Overall, I love every aspect of my job and I’m very fortunate for that. This doesn’t mean that I’m good at every aspect, but I love being challenged. Whether that means learning a new photo editing tool, researching a new social media platform or dipping my toes into vlogging; my job is interesting because it challenges me, and boy did it challenge me the other day.
A big part of my job is working with PR firms and brands, both of which I love doing. I would say 99% of my interactions with PR firms and brands are fun, exciting and most importantly mutually beneficial.
Before I go in any further into this topic, I want to start by saying I’m not naturally a pushover but rather I’m an aggressor. I like to take a problem or a challenge and tackle it head on, I like to talk things out in person until it’s done and I’ll admit sometimes I have to go back and beat a dead horse, but it’s my way of processing and in the end, I do give and take.
So when someone emails me wanting something, instead of just ignoring it (passive) or saying YES to EVERYTHING (pushover), I try to find a common ground.
My goal is to always be rational and kind. I try to use phrases like ‘mutually beneficial’, ‘I see where you’re coming from’ and my favorite line ‘I understand’ because the truth is, I do get it.
But recently, I’ve had to learn to stop beating a dead horse and just say NO sometimes. & guys this has been really hard for me and I’m sure many of you can relate. Saying NO to a possible long-term collaboration or job offer is horrifying especially if it’s with a brand or company you love, but in life knowing when to say no is essential.
Anyway, back to my story, so I was chatting with a firm that reached out to me representing a brand I loved and I really didn’t want to turn them down. I was basically jumping through hoops, spending hours pitching ideas, making budget sheets and being over accommodating which sometimes isn’t a good strategy.
& the emails I was receiving back basically had no regards for my time, the energy I’ve spent on the project or the money I would have to spend to carry out the collaboration.
To sum it up, it was TOTALLY a one-sided deal and when the twelfth email came back with just a quick four lines and a passive aggressive … ending,
I cracked. I had tried every angle to make it work, and instead of wasting any more of my energy, I turned down the collaboration.
Not only was the overall conversation tone belittling towards my blog, brand and myself; & it reminded me that IT’S OKAY to stand up for yourself, to stop jumping through another hoop; it’s okay to say NO sometimes.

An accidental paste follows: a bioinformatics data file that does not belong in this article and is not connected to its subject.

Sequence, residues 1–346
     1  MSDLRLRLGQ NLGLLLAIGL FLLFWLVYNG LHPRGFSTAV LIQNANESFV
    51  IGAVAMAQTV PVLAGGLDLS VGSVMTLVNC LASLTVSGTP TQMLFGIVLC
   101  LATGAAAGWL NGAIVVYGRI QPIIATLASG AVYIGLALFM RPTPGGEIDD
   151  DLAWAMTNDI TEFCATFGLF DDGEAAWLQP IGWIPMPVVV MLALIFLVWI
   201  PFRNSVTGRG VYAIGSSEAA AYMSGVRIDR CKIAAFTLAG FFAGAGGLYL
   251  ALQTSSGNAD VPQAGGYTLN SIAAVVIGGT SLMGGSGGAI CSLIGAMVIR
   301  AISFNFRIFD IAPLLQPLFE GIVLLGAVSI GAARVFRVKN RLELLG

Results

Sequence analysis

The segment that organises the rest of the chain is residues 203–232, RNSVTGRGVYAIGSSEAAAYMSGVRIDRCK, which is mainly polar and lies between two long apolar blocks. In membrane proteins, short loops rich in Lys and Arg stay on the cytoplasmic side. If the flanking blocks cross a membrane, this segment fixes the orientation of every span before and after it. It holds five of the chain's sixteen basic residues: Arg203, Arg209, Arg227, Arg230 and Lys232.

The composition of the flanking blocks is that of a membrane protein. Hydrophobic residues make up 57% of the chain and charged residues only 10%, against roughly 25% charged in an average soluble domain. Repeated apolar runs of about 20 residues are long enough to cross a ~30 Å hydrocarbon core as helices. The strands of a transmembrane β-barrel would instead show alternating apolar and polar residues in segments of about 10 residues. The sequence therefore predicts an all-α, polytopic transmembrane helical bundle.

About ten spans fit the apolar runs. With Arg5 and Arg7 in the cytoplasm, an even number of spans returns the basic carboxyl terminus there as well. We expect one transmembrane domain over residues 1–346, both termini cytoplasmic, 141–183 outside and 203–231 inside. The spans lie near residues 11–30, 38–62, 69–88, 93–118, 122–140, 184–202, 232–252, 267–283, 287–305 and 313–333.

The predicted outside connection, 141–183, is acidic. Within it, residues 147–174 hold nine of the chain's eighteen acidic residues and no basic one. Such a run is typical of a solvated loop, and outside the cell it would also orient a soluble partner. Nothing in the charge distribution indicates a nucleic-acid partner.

So after experiencing similar encounters more and more frequently, I wanted to touch base and talk about it. Let’s talk about how I decided when to say no, in business and life.
NO in Business: When to say NO in business is when a deal is not mutually beneficial.
I can’t tell you the amount of times, I’ve had brand’s ask me to create high-quality content for them with no ROI. Now ROI doesn’t always mean money, sometimes it’s product, sometimes it’s attending events and sometimes it’s as simple as creating content for exposure or to get reposted.
But no matter how big the brand or boss is, don’t feel like your time isn’t valuable. If your gut is saying, you’re being taken advantage of, it’s time to step up to the plate and say something. At this stage in my career, I’d rather lose the collaboration and maintain the quality and aesthetic of my content; then be pushed around.
NO in Life: When to say NO in life is when you’ve encountered a TAKER.
I’ve talked about takers before in this blog post, but basically, it’s okay to say NO to a friend, extracurricular or event if they are running you dry.
What I mean by that is, you should surround yourself with people and things that inspire you and fill you up with energy, life, and excitement. Don’t constantly say YES to getting coffee with a friend that spends the whole time talking about how amazing they are or how much they get paid. Blah.
Time is your most valuable resource, so it’s okay to say NO to situations with bad energy. It’s not worth wasting your time on, to be honest.
THE DELIVERY OF NO – Most importantly let’s talk about the delivery of NO. It’s all in the delivery/approach, so keep it short and simple. For business, I usually say: ‘Hi, At this time our crew will have to pass. Thank you for thinking of us and I hope to collaborate in the future.’ Short, simple and sweet; we aren’t looking to burn any bridges here.
Personal NO’s can be a little more difficult to construct and really it depends on the person you’re dealing with. Overall I find coming from a place of transparency is a good place to start.
Okay, now I’d love to know what cracks you to the point of NO? Let me know below. xx Aubrey
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